PCI DSS requires that the scope of assessment must be checked to make sure the scope is accurate. This check must also be carried out every year. Even if the documented scope means that no cardholder data is stored, there still may be some cardholder details that have been inadvertently left in documents. These credit card details may either be left over from activities prior to working towards PCI DSS compliance, or it may be that company credit card procedures have been breached. There are some good tools out there that search for cardholder data on PCs and networks, however I was looking for something that could easily run standalone on individual PCs and search a hard drive relatively quickly. Dionach developed PANhunt, which does exactly that. It is a Python script that is easily converted to a standalone executable, which can then be run off a USB stick. PANhunt uses simple regular expressions to look for Visa, MasterCard and American Express card numbers in document and email files such as Word documents, Excel spread sheets, TXT files, XML and PST files. PANhunt also searches ZIP files recursively. PANhunt will create a report listing masked PANs found. Some system files do generate false positives, but Windows system folders are excluded by default. The current release will not search Access databases, but will list where they are located. The scripts and instructions can be found at https://github.com/Dionach/PANhunt. Technically, searching across a C:\ drive for files with a certain extension is straightforward in Python. PANhunt treats documents as text files, or in the case of DOCX and XLSX as ZIP files. Text files can be easily searched using regular expressions to match the different credit card types. The PST format was more challenging. Microsoft has published the PST file format as an open specification here: https://msdn.microsoft.com/en-us/library/ff385210. There are some code libraries out there in different languages such as Java, and C#, however they didn’t provide everything needed, weren’t in Python, or just didn’t work. So, I developed pst.py to parse PST files and so provide access to emails and attachments contained in them. The script supports both ANSI or Unicode PST formats. A few interesting things I learnt about PST files:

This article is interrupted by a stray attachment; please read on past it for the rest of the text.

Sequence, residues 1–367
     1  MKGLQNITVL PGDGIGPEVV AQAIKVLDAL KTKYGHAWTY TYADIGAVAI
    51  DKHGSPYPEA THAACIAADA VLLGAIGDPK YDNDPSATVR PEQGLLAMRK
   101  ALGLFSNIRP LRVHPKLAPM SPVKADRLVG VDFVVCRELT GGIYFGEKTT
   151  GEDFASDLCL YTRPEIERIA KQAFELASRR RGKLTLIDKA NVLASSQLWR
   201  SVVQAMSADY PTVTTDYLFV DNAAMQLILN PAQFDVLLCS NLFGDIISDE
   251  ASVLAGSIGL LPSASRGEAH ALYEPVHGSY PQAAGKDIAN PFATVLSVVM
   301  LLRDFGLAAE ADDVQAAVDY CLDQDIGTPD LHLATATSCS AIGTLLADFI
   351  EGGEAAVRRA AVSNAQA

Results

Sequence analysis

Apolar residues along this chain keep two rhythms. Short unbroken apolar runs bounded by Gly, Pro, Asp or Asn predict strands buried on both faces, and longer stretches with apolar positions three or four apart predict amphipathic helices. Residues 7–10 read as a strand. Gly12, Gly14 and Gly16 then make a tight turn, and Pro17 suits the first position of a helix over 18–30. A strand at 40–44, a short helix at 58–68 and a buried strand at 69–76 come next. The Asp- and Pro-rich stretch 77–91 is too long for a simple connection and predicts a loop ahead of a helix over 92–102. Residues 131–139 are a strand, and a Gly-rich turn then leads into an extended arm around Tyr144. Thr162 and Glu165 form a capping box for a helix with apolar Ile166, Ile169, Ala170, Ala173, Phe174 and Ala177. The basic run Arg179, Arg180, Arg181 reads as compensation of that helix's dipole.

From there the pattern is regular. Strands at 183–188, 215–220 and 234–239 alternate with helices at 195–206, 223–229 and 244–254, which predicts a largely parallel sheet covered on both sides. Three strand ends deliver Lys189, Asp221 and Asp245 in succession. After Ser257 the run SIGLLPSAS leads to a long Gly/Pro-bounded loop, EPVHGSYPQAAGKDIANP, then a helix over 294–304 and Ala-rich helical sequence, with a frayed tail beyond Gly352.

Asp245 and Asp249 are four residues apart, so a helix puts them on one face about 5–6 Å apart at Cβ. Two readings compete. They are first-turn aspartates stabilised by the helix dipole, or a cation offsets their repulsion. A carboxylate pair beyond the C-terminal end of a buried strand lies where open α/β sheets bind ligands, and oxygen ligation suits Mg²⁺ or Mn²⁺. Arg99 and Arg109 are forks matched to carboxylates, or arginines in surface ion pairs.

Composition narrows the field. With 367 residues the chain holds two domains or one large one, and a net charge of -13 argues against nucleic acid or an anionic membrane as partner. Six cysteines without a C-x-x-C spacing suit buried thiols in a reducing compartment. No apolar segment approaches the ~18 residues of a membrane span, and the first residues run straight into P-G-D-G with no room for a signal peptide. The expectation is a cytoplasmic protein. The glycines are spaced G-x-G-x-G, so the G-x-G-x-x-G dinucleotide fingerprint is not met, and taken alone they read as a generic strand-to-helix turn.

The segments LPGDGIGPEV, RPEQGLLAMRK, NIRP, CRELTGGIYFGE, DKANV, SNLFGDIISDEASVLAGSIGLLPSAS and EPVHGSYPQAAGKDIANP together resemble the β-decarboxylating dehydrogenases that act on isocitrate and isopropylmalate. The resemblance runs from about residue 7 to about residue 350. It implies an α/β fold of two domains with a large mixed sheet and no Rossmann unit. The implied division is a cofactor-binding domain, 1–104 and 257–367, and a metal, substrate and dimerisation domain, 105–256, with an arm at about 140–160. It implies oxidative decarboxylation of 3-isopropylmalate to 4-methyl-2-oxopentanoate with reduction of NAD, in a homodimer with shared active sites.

- The published specification is wrong in at least two places about the ANSI format.
- Setting a PST password does not encrypt anything, it just sets a password property in the PST file. This can be ignored.
- Recent Microsoft Outlook client versions seem to encode PST data sections by default, so you can’t easily see email text in the raw PST file. The decoding algorithm looks complicated in the specification but reduces to quite a simple substitution algorithm.
- Hopefully PANhunt will be useful for people who want to easily check if there are any credit card numbers stored on local PCs.
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